Her list: AT&T TV, Amazon Prime Video, Netflix, Hulu and Disney+, as well as Sirius XM and Amazon Music. At this point, Orr, executive director of the University of Colorado's Alumni C Club for athletic letter winners, plans to drop live TV as "everything I watch I can find on Hulu."
Do you even know what services you're subscribing to anyway?
If you've lost track of what you have, you're not alone. Streaming bills don't come in the mail; most quietly show up as a charge every month on your credit card.
"It’s a challenge to remember the free trials and auto payments," said Carey Craig, human resources leader from Cheney, Kansas. "Without seeing the monthly costs in the same place at the same time," he said, "the costs creep up."
Craig's family added some new subscription services during the pandemic including Discovery+ to watch Chip and Joanna Gaines' series and Apple TV+ for shows such as "Ted Lasso." (Season 2 is coming out soon, by the way.)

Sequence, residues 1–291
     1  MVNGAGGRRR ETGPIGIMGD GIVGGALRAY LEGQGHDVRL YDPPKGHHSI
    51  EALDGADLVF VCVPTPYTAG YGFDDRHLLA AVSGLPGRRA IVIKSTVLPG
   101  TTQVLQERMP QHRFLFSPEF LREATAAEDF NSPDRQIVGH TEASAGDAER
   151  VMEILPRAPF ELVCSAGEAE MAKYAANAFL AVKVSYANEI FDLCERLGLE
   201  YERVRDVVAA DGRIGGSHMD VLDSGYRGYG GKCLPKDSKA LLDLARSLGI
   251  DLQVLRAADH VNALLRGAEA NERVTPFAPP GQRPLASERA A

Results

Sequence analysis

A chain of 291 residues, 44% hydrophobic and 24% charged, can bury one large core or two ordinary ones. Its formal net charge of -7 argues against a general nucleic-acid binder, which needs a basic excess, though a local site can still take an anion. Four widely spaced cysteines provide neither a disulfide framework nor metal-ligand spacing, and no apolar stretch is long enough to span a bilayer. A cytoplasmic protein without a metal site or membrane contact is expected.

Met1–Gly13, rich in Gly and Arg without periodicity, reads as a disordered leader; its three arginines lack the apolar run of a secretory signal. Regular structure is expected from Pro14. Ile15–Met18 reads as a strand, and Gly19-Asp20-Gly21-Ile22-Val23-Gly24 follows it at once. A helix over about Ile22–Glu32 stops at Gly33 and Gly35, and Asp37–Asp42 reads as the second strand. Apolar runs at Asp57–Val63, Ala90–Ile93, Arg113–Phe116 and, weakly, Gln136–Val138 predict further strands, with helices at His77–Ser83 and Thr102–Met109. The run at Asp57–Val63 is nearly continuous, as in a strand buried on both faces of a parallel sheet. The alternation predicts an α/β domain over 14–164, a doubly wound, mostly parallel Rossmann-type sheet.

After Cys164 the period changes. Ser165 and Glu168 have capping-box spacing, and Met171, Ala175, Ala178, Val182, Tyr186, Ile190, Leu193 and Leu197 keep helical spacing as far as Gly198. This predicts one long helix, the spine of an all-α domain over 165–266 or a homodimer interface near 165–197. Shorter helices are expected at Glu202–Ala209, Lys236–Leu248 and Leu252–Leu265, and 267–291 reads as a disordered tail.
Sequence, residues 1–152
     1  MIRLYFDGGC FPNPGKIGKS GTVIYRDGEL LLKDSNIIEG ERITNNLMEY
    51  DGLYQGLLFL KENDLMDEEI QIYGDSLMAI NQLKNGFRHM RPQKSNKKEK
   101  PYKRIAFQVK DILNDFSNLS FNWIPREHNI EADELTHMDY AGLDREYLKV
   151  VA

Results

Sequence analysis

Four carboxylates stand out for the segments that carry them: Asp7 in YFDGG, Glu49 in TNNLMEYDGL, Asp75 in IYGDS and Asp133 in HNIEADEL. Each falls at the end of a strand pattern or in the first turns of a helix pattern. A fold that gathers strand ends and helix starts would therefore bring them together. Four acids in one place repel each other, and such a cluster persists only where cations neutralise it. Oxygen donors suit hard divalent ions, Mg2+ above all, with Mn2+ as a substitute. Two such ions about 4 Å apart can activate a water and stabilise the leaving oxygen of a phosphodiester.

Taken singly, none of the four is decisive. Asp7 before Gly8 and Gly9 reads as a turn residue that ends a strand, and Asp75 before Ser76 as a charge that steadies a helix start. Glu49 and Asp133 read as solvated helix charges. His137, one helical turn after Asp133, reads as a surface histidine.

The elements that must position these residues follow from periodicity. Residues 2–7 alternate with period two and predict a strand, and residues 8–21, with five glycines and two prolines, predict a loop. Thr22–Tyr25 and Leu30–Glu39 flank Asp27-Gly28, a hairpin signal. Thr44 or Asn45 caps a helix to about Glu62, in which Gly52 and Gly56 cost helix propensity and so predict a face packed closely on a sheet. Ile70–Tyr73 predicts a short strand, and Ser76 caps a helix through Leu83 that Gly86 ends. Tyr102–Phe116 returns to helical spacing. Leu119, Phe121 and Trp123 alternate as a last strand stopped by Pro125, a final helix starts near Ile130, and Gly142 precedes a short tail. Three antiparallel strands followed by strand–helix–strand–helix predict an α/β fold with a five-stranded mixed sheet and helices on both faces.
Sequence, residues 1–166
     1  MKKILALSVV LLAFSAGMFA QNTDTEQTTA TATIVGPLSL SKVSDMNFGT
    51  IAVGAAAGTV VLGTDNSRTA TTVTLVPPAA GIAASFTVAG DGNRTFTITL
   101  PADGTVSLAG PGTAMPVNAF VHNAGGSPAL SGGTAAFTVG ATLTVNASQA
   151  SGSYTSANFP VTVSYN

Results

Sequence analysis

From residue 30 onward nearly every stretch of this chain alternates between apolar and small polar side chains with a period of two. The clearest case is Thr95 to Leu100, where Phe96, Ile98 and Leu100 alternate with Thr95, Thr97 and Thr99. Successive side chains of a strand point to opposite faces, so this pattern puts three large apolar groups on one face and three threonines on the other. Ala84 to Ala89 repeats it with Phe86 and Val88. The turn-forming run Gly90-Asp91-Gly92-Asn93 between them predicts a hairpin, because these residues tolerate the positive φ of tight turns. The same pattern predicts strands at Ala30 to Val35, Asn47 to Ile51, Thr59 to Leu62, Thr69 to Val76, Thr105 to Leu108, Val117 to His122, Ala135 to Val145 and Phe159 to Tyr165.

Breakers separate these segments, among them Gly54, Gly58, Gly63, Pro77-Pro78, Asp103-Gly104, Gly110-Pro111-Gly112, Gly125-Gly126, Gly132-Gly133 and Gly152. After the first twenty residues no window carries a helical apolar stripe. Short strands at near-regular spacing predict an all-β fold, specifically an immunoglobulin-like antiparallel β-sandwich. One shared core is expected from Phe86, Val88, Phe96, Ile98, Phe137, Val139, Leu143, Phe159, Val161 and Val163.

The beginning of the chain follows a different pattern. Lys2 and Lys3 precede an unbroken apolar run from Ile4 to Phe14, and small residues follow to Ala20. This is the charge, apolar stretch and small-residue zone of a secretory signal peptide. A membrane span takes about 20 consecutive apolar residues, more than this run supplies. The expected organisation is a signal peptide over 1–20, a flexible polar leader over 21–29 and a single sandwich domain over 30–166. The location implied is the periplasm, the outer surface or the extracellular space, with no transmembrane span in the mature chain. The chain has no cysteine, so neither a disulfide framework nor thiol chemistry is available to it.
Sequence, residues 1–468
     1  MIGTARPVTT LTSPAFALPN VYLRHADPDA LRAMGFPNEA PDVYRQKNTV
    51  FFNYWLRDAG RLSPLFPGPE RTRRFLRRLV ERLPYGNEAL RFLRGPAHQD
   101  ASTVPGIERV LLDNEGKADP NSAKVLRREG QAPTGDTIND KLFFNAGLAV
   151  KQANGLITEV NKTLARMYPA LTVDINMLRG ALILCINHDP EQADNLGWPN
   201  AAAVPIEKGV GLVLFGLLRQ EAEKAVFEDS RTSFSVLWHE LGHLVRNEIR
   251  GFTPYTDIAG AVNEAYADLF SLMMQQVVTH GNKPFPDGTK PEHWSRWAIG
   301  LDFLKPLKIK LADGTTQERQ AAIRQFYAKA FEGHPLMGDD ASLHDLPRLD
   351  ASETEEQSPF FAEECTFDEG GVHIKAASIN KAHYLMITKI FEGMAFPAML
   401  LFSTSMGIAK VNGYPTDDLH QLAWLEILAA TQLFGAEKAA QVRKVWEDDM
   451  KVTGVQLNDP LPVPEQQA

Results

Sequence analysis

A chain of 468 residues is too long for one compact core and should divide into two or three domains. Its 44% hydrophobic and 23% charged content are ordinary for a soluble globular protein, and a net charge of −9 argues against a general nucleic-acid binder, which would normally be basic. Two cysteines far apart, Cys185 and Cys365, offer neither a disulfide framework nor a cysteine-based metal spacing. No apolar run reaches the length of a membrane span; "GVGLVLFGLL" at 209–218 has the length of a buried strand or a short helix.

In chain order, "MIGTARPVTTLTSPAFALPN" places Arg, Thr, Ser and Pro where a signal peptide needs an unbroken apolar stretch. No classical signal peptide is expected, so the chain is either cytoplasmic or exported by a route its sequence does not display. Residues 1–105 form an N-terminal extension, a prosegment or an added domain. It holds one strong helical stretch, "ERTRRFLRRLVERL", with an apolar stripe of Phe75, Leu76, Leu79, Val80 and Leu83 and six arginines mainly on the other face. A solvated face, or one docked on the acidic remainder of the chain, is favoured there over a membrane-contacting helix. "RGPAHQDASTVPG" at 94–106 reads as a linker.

Sure, you may have more services than you expected, but there's so much good stuff to watch in different places.
As Lum put it, "It’s like a buffet where it’s all the same dish but each one is missing one different ingredient so then you have to take all of them to mix it all together to have it be normal."
And there lies the rub: "Choosing which to drop is difficult," said Dennis Gastineau of El Prado, New Mexico, who's settling into retirement and still figuring out what he wants to watch and from where.
During the pandemic, he doubled his streaming subscriptions from three to six – adding Acorn TV, BritBox, and HBO Max to his earlier selections of Hulu, Netflix and Amazon Prime Video. (Couldn't resist "The Flight Attendant" and "Ms. Fisher's Modern Murder Mysteries.")